Granting Aid to Third World CountriesFirst let us discuss terms before we cite examples. Proportionalism is a methodological process that some theologians use to weigh certain vexing moral problems, attempting to choose the path that allows for the least amount of evil and the greater amount of good. The key here is that proportionalism allows a certain amount of evil to occur in certain circumstances and with certain intentions always in light of the fact that a greater proportion of good will result. The good outcome must be in greater proportion to the evil, akin to the Proportionalist vein that one finds in the Catholic moral teaching surrounding Just War Theory. Consequentialism is a more basic methodology of weighing moral problems concerned with arriving at the best end for that person or society, not necessarily a final end, but an end nonetheless, which some critics have called teleologism. A typical consequentialist argument would be to allow a nation to drop aid packages in Iraq because this has a better outcome then throwing these otherwise unused rations into a city dump. Again, consequentalism has an immediate end in mind that does not necessarily point to a final end, feeding starving people, for example. Consequentialism and especially Proportionalism are frowned upon by some theologians because it allows exception for certain evils and presupposes a fundamental option that is rooted in truth and sound moral judgment that, some say, should not be presupposed. But, I think the main characteristics of proportionalism and consequentalism that make certain theologians cringe (like in Veritatis Splendor; Evangelium Vitae) is that these systems do not give much credence to the object of a moral act. It rather focuses on circumstances and intentions rather than on the act itself. These systems take into consideration the circumstances surrounding a moral dilemma and the intentions behind the parties involved as more important than what is the actual object of the act in question. In these systems, greater freedom is allowed for exceptions, with the mindset that evil can be avoided as much as possible and the good achieved. For most of us, moral decision making is not vexing, for we are guided by a moral conscience that resides in the depths of our being and we (for the most part) are seeking truth. It is only in the problematic, two percent category, of possible situations where figuring out the vexing problems of moral theology come to the fore. I believe the problem of world hunger is one of these. I will use the Proportionalist argument to speak about this moral issue.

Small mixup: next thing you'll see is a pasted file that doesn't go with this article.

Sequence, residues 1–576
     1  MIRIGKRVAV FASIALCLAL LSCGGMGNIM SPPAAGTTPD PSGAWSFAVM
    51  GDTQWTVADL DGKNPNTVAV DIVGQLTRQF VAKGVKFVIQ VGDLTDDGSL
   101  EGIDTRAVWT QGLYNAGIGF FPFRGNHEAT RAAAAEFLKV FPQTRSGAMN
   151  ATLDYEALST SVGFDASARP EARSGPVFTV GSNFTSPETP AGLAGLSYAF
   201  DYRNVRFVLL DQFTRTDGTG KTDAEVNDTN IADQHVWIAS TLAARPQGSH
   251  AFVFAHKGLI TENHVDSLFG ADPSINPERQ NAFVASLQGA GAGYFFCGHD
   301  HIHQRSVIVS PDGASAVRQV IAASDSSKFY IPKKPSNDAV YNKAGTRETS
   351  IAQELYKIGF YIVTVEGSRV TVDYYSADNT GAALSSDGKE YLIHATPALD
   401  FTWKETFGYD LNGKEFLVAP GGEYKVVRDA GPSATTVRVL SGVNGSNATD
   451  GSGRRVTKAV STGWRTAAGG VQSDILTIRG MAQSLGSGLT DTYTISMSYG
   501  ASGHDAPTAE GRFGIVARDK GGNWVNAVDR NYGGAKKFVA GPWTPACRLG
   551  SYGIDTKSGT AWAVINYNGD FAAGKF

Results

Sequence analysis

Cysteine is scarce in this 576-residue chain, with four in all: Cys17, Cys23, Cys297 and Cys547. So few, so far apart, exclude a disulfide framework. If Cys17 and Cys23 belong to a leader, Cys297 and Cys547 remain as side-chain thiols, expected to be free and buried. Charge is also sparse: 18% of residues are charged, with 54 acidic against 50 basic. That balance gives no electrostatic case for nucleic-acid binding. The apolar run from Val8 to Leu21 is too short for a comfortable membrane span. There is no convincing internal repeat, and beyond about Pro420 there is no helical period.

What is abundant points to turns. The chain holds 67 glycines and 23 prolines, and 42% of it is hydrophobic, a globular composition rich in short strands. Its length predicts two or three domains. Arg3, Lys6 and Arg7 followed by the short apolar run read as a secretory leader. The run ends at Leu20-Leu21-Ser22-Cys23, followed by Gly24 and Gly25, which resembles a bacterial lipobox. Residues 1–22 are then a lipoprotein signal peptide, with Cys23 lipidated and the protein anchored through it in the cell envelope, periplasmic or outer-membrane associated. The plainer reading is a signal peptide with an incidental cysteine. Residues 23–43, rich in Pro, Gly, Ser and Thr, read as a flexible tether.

I found an article in the Atlantic Monthly using Proportionalism to answer the question of the moral responsibility prosperous nations have in granting aid to third world countries. Should prosperous nations withhold granting aid and allow third world nations to fend for themselves (with minimal aid) or should these first world nations be gratuitous in their support of nations that need help? Of course this presupposes that doing nothing for third world countries would constitute an immoral act. Doing nothing for poor countries is immoral because it is the willful withdrawal of charity when in fact, help can be given without detriment to the gift-giving country. All sides would agree with this, for the most part. The difficulty is how to grant humanitarian aid and which option effectively produces a greater good in the long run. This presupposes that no matter what one does there will always be a certain amount of evil that will creep in because of the global, immense implications that go in to helping third world countries. What must be done and what can’t be done? What is beyond a prosperous nation’s capabilities and resources to help a less prosperous nation in need and how much moral responsibility do we have as a country that is prosperous to aid poor countries? Especially in the light of the present situation, where much of the United State’s energy and resources are being spent on the machine of war. Are we helping Iraq in the long run or are we keeping it tethered and dependent? The proportionalist argument is that if we are going to allow for a certain amount of evil to slip in when granting humanitarian aid, we must ask ourselves if indeed a greater good will be accomplished. Doing nothing is allowing evil to occur. Doing something can still allow a certain amount of evil to slip. So what do you do?